Sine Die – Legislative Update

By John Cyrier

I write to you from the Texas Capitol in Austin with just days remaining before the legislature adjourns. Since January, we have been working to address many important issues, and I am pleased to report good progress.

In January, Governor Abbott presented the legislature with four emergency items. These include reforming Child Protective Services, ending “sanctuary” laws among local governments in Texas, strengthening state ethics laws, and resolving to join a constitutional convention (if one were to be called) to curtail the growth of the federal government.

Last week, the House gave final approval to Senate Bill 11, which begins to move the state to a “community based” care model for foster care. This will keep more children in their home communities and enlist the help and resources of non-profit and faith-based groups. This will increase the state’s ability to care for neglected and abused children, so that we put an end to foster children sleeping in hotels and state offices due to a lack of foster homes. The legislation also improves the medical care of children in the care of the state. This is one of the most important issues we faced this session and I am very glad the bill is headed to the Governor’s desk.

We took action to end sanctuary cities in Texas. Sanctuary laws are local policies that prohibit law enforcement from enforcing federal immigration laws or cooperating with federal immigration authorities. As a result of these laws, criminals have been returned to the streets and immigration laws have not been uniformly applied across Texas. By ending sanctuary laws, we will ensure the fair and uniform application of existing federal immigration laws, and make sure that criminal offenders are removed from our streets.

The legislature approved the State’s participation in a convention of the states to address the growth of the federal government, with the end goal of returning more power to the states as was intended by the founders. We are also addressing ethics reform legislation. We have already passed laws to improve transparency and additional bills to strengthen ethics laws are eligible for action this week.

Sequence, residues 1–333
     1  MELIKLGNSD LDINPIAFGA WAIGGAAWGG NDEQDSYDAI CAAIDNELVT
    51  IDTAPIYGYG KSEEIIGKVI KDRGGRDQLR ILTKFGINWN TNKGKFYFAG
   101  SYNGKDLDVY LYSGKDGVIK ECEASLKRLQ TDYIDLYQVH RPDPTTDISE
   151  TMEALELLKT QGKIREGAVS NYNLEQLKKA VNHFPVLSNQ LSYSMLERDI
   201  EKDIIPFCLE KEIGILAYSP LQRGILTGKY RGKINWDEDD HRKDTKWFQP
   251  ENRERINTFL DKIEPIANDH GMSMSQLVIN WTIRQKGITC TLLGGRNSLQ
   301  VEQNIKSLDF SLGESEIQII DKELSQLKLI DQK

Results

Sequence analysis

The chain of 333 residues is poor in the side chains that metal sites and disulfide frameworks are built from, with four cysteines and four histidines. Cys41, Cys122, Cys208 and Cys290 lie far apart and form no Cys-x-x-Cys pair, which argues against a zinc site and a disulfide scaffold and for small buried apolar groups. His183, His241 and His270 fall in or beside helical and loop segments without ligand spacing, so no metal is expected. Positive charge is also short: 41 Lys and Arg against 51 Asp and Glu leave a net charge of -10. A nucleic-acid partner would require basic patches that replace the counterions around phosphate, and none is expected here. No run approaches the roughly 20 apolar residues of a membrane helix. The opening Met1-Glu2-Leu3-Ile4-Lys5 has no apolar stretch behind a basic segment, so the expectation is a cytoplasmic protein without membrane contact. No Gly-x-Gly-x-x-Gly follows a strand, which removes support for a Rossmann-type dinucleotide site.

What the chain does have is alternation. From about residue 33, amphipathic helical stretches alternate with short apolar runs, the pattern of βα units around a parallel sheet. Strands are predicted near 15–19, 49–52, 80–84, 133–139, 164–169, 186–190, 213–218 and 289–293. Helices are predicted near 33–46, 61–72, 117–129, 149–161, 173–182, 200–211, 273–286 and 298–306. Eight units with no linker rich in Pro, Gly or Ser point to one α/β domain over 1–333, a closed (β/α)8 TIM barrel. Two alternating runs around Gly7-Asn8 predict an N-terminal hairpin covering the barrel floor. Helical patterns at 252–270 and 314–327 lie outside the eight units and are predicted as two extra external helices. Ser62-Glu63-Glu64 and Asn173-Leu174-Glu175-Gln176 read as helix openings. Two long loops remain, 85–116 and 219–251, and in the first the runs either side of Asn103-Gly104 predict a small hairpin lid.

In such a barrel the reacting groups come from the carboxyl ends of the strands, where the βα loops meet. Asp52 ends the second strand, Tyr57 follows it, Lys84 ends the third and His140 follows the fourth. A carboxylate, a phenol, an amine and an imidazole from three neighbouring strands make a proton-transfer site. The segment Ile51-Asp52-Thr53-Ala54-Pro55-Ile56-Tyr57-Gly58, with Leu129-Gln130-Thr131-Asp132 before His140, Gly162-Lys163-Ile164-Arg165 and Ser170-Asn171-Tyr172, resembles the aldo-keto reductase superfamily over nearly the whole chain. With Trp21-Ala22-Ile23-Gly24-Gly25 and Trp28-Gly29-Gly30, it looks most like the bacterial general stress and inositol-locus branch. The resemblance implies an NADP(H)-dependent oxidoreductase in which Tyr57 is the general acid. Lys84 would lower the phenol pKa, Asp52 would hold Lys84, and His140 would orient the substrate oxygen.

I am also pleased to report that our office was successful in advancing legislation that affects our district. I passed nine pieces of legislation through the Texas House and added a tenth to another piece of legislation as an amendment. Most of these are being heard in the senate. I am also sponsoring four senate bills currently in the house.

For much of this legislative session, I have had the honor to preside over the house chamber at the dais. During one of those times, certain members within the house sought to derail the work of the people through a process called “chubbing,” which is similar to a filibuster in the senate. These members were made aware that some of the legislation they were stopping through their chubbing included experimental treatments for chronic patients and cancer research. In a touching moment, the house came together to put differences aside and pass these important bills. Our communities sent us to Austin to solve problems and get things done. As we enter the final days of the legislature, I hope this common devotion to the people of Texas will conclude our time in Austin on a positive and productive note.

 

Rep. John Cyrier is a Republican member of the Texas House representing Bastrop, Caldwell, Gonzales, Karnes, and Lee counties.

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